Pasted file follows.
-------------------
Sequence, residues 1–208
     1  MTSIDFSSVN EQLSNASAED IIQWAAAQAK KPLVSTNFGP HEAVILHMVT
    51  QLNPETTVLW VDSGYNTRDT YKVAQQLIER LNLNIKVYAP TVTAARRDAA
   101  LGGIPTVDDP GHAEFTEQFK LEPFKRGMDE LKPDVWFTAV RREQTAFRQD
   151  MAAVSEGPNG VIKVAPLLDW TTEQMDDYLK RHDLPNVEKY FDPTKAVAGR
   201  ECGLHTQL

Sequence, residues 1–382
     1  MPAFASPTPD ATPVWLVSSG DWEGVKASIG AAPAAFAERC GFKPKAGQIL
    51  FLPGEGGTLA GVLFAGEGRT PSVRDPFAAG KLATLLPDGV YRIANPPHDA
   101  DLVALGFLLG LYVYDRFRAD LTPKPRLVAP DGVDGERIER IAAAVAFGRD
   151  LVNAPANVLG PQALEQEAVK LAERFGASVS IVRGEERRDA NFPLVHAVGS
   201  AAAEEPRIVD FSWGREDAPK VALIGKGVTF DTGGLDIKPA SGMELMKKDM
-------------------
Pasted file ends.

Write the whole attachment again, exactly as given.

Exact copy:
Sequence, residues 1–208
     1  MTSIDFSSVN EQLSNASAED IIQWAAAQAK KPLVSTNFGP HEAVILHMVT
    51  QLNPETTVLW VDSGYNTRDT YKVAQQLIER LNLNIKVYAP TVTAARRDAA
   101  LGGIPTVDDP GHAEFTEQFK LEPFKRGMDE LKPDVWFTAV RREQTAFRQD
   151  MAAVSEGPNG VIKVAPLLDW TTEQMDDYLK RHDLPNVEKY FDPTKAVAGR
   201  ECGLHTQL

Sequence, residues 1–382
     1  MPAFASPTPD ATPVWLVSSG DWEGVKASIG AAPAAFAERC GFKPKAGQIL
    51  FLPGEGGTLA GVLFAGEGRT PSVRDPFAAG KLATLLPDGV YRIANPPHDA
   101  DLVALGFLLG LYVYDRFRAD LTPKPRLVAP DGVDGERIER IAAAVAFGRD
   151  LVNAPANVLG PQALEQEAVK LAERFGASVS IVRGEERRDA NFPLVHAVGS
   201  AAAEEPRIVD FSWGREDAPK VALIGKGVTF DTGGLDIKPA SGMELMKKDM